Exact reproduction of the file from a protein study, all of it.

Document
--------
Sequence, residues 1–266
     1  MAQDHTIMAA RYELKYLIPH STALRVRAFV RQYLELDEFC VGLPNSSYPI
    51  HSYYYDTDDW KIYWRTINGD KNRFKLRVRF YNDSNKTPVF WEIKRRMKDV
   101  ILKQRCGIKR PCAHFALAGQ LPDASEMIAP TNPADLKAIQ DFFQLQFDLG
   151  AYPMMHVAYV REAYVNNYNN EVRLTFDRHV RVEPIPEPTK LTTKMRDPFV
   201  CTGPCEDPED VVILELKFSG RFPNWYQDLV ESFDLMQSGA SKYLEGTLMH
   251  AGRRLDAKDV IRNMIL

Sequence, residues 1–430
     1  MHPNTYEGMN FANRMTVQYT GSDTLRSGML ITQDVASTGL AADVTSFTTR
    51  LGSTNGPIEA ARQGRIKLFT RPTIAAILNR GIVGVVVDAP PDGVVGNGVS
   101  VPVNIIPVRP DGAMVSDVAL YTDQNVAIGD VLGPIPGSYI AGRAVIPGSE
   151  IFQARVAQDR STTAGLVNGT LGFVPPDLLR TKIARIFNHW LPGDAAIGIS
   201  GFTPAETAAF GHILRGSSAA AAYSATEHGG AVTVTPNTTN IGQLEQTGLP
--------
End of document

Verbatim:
Sequence, residues 1–266
     1  MAQDHTIMAA RYELKYLIPH STALRVRAFV RQYLELDEFC VGLPNSSYPI
    51  HSYYYDTDDW KIYWRTINGD KNRFKLRVRF YNDSNKTPVF WEIKRRMKDV
   101  ILKQRCGIKR PCAHFALAGQ LPDASEMIAP TNPADLKAIQ DFFQLQFDLG
   151  AYPMMHVAYV REAYVNNYNN EVRLTFDRHV RVEPIPEPTK LTTKMRDPFV
   201  CTGPCEDPED VVILELKFSG RFPNWYQDLV ESFDLMQSGA SKYLEGTLMH
   251  AGRRLDAKDV IRNMIL

Sequence, residues 1–430
     1  MHPNTYEGMN FANRMTVQYT GSDTLRSGML ITQDVASTGL AADVTSFTTR
    51  LGSTNGPIEA ARQGRIKLFT RPTIAAILNR GIVGVVVDAP PDGVVGNGVS
   101  VPVNIIPVRP DGAMVSDVAL YTDQNVAIGD VLGPIPGSYI AGRAVIPGSE
   151  IFQARVAQDR STTAGLVNGT LGFVPPDLLR TKIARIFNHW LPGDAAIGIS
   201  GFTPAETAAF GHILRGSSAA AAYSATEHGG AVTVTPNTTN IGQLEQTGLP